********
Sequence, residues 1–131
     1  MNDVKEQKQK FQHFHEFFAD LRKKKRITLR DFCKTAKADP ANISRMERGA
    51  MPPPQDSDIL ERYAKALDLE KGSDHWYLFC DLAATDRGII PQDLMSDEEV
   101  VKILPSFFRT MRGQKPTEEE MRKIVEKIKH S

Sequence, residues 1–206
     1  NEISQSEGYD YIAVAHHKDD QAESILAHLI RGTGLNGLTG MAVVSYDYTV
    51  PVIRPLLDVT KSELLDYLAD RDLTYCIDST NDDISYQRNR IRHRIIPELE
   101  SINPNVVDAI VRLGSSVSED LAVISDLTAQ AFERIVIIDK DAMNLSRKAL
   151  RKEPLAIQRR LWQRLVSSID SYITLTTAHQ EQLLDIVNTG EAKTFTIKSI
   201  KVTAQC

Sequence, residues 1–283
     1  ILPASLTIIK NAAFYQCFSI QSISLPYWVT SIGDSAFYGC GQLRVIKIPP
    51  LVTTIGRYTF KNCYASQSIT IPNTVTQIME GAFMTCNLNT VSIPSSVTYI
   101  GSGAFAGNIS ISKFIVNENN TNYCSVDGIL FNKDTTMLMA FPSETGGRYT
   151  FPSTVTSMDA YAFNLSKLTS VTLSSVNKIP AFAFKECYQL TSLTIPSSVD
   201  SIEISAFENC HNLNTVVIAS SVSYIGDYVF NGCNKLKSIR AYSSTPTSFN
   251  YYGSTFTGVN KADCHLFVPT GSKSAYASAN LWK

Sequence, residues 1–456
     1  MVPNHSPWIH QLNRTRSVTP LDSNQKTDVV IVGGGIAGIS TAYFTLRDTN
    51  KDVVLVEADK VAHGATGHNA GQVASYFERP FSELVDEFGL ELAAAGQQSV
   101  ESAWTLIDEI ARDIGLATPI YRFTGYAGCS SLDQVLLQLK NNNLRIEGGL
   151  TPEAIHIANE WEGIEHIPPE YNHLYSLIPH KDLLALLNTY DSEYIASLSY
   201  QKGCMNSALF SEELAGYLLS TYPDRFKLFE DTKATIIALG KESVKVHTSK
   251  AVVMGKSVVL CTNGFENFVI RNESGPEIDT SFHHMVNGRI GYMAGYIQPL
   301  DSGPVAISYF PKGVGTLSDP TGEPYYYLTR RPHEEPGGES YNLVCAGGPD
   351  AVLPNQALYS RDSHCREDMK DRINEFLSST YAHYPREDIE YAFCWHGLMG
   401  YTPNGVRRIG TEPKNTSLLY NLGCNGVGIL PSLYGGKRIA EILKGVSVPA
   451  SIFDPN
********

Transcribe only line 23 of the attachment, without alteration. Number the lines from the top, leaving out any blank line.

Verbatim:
   201  QKGCMNSALF SEELAGYLLS TYPDRFKLFE DTKATIIALG KESVKVHTSK